US 5365649 A
An assist hand tool adapted for use in installing a vehicle door hinge pin comprising an L-shaped blockpiece having a forwardly extending bifurcated head portion terminating at its aft end in a downwardly extending bifurcated body portion. The bifurcated head portion has a pair of forwardly extending side walls defining a pin-receiving slot and the bifurcated base portion terminating at its lower end in a pair of downwardly extending body side walls defines a lever-receiving slot. An operating lever comprises an elongated handle section extending rearwardly through the body slot aft opening and a jaw section extending through the body slot forward opening. The handle section and the jaw section have their proximate ends interconnected by an inclined pivot section pivotally connected by a transverse pivot pin to the body walls. The head portion is cooperatively sized for snug fit between an upper and lower pair of door-half hinge flanges. The pin-receiving slot has upper and lower means wherein for self-aligned positioning relative to the hinge pin axis. Upon the operator exerting a force on the handle section the jaw section applies an axial end force against the pin headed-end driving it to a predetermined axial position.
1. In a hand tool for installing a hinge pin pivotally interconnecting first and second hinge plates hanging a door on a vehicle body, said hinge plates each having upper flange means and lower flange means with aligned apertures adapted to receive the hinge pin into a position establishing a door hinge pivot axis, said tool comprising:
an angle-shaped blockpiece defined by a forwardly extending bifurcated upper head portion terminating at an aft closed end in a downwardly extending bifurcated body portion, said bifurcated head portion defining a pin-receiving slot between a pair of forwardly extending head portion side walls cooperatively spaced apart to receive through a forward open end of said pin-receiving slot a vertically disposed hinge pin therebetween, said bifurcated body portion defining a lever-receiving slot with forward, aft, and bottom openings between a pair of downwardly extending body side walls cooperatively spaced apart to receive a lever therebetween;
said lever comprising an elongated handle section extending rearwardly through said body slot aft opening and a jaw section extending through said body slot forward opening, said lever handle section and said jaw section each having a proximate end thereof interconnected by an intermediate pivot section, wherein said pivot section inclined forwardly and downwardly from said handle section proximate end to said jaw section proximate end, means mounting said pivot section in said lever-receiving slot for pivotal movement about a horizontal pivot axis;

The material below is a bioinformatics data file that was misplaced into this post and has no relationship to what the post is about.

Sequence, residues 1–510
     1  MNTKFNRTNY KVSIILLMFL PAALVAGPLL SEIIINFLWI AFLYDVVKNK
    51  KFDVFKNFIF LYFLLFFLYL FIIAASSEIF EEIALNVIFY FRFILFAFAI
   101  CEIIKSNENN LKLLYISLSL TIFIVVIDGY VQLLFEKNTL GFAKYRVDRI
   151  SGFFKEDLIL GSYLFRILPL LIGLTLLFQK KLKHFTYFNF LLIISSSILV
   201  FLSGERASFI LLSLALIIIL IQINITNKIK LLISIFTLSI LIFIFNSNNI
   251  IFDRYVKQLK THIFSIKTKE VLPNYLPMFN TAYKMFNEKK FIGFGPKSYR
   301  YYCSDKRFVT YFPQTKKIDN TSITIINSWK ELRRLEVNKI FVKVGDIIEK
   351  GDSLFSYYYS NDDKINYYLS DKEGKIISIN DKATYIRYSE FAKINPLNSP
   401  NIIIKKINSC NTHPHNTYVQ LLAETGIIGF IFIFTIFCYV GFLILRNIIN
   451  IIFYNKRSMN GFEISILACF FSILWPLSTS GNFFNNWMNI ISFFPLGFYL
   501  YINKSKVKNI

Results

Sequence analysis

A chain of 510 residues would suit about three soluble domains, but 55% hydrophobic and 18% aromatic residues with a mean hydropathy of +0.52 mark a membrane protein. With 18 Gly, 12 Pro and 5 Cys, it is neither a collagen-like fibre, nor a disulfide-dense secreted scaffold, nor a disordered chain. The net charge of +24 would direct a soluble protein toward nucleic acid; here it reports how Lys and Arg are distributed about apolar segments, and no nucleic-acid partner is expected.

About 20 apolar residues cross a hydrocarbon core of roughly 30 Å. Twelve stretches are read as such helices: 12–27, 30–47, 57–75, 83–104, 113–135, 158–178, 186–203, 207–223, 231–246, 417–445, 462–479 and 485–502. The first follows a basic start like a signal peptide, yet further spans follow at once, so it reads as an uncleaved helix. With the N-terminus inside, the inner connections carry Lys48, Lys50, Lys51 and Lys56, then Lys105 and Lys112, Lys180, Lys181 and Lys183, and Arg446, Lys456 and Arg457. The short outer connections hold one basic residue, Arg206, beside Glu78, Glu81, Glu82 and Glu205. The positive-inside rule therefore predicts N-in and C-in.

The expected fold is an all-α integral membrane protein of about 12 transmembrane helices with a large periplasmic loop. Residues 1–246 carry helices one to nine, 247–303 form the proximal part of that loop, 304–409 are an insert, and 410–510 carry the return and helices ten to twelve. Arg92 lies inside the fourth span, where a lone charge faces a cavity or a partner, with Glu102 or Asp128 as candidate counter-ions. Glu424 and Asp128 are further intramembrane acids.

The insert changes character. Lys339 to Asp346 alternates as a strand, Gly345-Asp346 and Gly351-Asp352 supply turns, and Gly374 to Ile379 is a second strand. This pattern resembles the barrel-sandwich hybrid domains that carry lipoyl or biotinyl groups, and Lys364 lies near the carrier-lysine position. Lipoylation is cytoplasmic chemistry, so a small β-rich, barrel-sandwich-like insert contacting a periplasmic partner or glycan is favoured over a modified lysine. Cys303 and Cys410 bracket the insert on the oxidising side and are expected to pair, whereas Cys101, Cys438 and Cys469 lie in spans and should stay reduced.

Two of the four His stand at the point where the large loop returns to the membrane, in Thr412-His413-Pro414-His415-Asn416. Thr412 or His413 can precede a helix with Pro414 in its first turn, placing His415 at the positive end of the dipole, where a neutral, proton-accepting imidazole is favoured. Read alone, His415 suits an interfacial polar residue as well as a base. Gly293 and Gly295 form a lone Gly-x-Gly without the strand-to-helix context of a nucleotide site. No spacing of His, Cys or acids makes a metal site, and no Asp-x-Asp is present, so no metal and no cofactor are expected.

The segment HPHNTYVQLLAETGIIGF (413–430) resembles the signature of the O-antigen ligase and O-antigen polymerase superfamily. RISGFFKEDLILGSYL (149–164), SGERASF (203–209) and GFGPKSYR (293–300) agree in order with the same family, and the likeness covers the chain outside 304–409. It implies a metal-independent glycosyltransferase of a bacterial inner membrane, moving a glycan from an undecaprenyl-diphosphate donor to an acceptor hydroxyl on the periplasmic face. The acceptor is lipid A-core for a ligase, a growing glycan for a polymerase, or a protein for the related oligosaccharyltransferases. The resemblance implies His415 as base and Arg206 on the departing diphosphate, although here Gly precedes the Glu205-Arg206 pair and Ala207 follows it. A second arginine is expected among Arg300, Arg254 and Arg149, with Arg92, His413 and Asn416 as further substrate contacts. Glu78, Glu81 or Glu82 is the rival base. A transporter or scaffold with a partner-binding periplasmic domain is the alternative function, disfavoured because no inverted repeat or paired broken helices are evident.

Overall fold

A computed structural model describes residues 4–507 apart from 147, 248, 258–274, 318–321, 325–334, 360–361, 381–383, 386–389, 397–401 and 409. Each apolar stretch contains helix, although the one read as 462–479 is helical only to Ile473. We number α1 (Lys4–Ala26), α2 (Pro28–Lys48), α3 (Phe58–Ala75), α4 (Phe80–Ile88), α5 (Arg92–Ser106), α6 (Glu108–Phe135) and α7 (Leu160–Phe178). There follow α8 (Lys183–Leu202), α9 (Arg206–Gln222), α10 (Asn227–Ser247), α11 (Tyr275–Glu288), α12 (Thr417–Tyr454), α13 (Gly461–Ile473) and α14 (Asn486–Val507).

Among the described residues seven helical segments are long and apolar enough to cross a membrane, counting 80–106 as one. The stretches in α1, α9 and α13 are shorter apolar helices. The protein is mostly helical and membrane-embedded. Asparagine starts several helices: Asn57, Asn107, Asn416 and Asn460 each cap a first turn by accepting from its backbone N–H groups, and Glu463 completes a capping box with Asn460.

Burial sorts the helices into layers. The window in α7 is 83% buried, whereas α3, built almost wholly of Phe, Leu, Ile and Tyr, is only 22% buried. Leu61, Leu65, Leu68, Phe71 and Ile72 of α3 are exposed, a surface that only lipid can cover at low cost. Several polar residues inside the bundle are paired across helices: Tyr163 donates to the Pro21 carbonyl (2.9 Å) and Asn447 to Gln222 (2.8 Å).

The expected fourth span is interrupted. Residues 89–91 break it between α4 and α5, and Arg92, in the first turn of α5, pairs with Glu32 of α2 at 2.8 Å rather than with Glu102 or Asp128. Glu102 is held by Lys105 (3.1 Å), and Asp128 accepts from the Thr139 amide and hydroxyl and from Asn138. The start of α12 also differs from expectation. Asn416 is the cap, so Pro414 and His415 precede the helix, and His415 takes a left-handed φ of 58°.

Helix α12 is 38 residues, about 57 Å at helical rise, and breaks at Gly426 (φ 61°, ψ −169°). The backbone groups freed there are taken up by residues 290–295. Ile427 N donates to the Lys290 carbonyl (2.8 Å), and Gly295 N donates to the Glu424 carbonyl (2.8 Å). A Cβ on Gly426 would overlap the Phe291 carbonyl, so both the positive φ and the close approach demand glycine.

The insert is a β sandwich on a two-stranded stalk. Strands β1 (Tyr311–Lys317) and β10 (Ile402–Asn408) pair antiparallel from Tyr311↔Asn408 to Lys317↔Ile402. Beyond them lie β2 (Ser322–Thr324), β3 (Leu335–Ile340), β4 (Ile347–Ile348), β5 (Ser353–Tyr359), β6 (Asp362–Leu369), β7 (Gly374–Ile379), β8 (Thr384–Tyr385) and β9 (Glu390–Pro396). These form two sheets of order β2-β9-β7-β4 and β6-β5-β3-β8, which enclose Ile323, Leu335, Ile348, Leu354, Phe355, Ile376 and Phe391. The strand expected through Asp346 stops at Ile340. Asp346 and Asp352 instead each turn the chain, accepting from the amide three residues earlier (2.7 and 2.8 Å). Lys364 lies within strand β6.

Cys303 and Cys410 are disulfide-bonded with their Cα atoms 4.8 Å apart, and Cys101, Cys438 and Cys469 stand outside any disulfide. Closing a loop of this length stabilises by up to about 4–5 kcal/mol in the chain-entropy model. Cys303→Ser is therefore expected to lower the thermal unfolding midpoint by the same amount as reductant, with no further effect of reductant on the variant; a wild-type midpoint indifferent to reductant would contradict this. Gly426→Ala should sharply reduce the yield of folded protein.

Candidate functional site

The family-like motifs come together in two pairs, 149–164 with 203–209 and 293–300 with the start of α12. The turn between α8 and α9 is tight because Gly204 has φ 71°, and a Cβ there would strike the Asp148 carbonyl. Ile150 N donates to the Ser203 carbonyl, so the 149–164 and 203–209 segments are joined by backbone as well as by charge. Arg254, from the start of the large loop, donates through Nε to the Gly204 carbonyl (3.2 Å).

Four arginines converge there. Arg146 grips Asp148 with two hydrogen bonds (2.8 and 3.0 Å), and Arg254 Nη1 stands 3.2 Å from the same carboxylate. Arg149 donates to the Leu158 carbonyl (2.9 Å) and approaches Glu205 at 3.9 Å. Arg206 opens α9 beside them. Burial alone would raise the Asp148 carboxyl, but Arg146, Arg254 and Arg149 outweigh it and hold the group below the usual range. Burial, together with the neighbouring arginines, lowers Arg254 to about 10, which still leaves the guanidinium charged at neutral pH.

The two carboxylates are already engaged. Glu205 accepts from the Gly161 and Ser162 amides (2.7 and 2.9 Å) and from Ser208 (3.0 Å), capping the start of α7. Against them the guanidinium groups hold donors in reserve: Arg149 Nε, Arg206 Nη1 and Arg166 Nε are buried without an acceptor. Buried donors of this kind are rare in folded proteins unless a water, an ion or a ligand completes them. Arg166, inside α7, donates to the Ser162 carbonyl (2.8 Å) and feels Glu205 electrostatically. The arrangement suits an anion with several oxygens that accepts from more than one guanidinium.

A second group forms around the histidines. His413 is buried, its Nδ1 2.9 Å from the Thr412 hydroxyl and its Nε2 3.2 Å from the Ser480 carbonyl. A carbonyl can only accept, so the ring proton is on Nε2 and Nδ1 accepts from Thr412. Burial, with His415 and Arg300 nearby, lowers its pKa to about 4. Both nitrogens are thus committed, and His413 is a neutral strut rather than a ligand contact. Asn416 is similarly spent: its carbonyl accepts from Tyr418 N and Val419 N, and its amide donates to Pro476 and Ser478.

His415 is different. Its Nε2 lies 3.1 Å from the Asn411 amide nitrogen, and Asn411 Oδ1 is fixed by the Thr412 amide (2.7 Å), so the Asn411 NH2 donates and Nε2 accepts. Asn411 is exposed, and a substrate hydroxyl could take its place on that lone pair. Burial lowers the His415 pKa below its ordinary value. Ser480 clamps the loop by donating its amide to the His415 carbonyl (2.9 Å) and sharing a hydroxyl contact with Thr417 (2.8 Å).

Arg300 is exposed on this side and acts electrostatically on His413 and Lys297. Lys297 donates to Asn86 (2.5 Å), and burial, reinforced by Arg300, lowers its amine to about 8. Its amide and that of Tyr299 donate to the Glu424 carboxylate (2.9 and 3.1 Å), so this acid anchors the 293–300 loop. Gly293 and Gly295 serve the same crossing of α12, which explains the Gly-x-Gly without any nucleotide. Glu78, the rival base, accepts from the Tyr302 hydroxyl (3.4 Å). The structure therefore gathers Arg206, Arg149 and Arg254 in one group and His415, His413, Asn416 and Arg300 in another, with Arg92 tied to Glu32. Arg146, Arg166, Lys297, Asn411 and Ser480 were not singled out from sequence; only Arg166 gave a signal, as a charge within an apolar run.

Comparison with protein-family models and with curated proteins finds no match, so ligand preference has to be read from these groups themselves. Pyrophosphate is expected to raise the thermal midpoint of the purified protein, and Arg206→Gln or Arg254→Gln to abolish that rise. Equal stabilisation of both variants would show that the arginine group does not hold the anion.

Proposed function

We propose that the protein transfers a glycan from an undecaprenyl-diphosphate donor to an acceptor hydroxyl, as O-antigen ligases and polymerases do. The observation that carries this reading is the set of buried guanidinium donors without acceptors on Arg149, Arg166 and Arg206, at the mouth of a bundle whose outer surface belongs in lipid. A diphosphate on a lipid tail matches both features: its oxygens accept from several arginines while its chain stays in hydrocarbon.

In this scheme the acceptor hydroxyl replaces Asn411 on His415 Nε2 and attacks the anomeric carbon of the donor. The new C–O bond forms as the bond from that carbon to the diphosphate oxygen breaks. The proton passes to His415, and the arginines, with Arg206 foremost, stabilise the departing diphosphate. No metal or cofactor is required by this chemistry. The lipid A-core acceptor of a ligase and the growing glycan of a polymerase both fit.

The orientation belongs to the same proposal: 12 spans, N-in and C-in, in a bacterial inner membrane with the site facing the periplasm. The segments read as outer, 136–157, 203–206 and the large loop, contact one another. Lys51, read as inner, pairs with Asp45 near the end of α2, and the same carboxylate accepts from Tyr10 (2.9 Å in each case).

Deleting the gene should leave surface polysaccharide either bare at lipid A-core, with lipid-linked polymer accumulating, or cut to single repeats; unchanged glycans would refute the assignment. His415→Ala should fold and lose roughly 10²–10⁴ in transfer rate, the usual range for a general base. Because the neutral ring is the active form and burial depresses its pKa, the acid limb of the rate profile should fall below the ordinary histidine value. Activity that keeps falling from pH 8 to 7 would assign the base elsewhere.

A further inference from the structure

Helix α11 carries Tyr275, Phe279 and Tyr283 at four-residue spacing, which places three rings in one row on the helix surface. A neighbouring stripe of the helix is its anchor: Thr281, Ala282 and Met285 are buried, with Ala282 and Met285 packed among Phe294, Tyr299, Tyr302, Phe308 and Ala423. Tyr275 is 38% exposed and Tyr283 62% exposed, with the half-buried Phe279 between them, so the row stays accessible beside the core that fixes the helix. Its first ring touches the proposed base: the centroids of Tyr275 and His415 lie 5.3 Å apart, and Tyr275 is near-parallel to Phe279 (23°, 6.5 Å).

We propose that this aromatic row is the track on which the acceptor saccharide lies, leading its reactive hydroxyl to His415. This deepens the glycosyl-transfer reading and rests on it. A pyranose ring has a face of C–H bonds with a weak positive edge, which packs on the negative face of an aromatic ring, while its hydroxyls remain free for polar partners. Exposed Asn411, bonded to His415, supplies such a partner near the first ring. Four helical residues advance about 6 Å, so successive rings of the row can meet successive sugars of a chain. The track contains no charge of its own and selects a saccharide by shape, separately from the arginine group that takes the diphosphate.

said head section cooperatively sized for a snug fit between upper and lower apertured flanges of the first hinge plate retaining said hinge pin on said hinge pin axis, said pin-receiving slot having seating means adapted to seat the hinge pin in a self-aligned manner on the hinge pin axis;
said lever handle section proximate end connection with said inclined pivot section defining an upper transverse extending edge juncture positioned a predetermined dimension aft of said pivot axis, said edge juncture adapted to engage an opposed rearwardly and upwardly extending beveled bight wall internal surface of said body portion lever-receiving slot with said lever biased in said open position; and
said lever movable against spring biasing means to a jaw section open position wherein said head portion being guided inwardly and seated in said pin-receiving seating slot means with said jaw section having driving means juxtaposed one end of the hinge pin, whereby in response to the operator exerting a closing force on the lever handle section said jaw section driving means applies an axial thrust against the hinge pin one end thereby moving the pin on the hinge axis to a predetermined position.
2. The hand tool as set forth in claim 1 wherein said spring means comprising a coil compression spring positioned intermediate said lever handle portion and said head member base portion.
3. The hand tool as set forth in claim 1 wherein said lever pivot means comprising a cross-pin extending transversely between said pair of body portion side walls.
4. The hand tool as set forth in claim 1 wherein said pin-receiving slot seating means comprising upper and lower half-round seats formed on said pin-receiving slot aft closed end.
5. The hand tool as set forth in claim 4 wherein said upper and lower half-round seats each in the form of a countersunk shoulder formed around the upper and lower peripheries of said pin-receiving slot, each said countersunk shoulder having a U-shape when viewed in horizontal section contoured to slidably seat an associated upper and lower cylindrical bushing journally supporting the hinge pin.
6. The hand tool as set forth in claim 1 wherein said jaw section driving means comprising an upstanding lug adapted to engage said hinge pin one end.
7. The hand tool as set forth in claim 2 wherein said coil compression spring positioned adjacent said lever-receiving slot aft opening, said coil spring positioned with its principal axis disposed vertically and having one upper end connected to an opposed undersurface of said lever handle section and its opposite lower end connected to a plate portion, said plate portion having its longitudinal edges connected to associated body slot side walls.
This invention relates to hinge pin assist tools and more particularly to a hand held tool for use in installing and/or removing a hinge pin on an automotive vehicle body door.
The prior art is replete with tools for installing and removing automobile door hinge pins. The ready installation and removal of door hinge pins with current automobile construction is becoming increasingly difficult. One reason for this is gaining access to the hinge pins with a hammer or with conventional pneumatic operated impact tools in order to drive the hinge pins in or out of the hinges. The U.S. Pat. No. 4,627,141 issued Dec. 9, 1986 to Teske discloses a rod or shaft type hinge pin tool for use with an air hammer for removing solid automobile hinge pins provided with a flat end or a pointed end and a head with an underside. The U.S. Pat. No. 4,432,125 issued Feb. 21, 1984 to Monteleone et al. discloses a rod type hinge pin tool for use with a fluid operated impact device to remove tubular hinge pins.